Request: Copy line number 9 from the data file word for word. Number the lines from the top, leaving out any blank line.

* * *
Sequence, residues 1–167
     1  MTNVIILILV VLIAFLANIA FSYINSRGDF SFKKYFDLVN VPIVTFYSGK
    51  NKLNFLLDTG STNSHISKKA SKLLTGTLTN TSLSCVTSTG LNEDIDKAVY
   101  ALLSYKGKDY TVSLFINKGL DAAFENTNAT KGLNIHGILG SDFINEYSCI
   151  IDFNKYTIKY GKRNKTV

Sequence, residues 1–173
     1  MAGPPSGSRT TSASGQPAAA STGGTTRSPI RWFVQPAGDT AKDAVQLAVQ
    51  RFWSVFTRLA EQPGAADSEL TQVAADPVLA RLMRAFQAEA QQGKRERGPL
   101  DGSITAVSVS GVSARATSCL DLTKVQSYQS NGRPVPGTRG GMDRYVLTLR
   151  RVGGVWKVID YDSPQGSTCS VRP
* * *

   101  DGSITAVSVS GVSARATSCL DLTKVQSYQS NGRPVPGTRG GMDRYVLTLR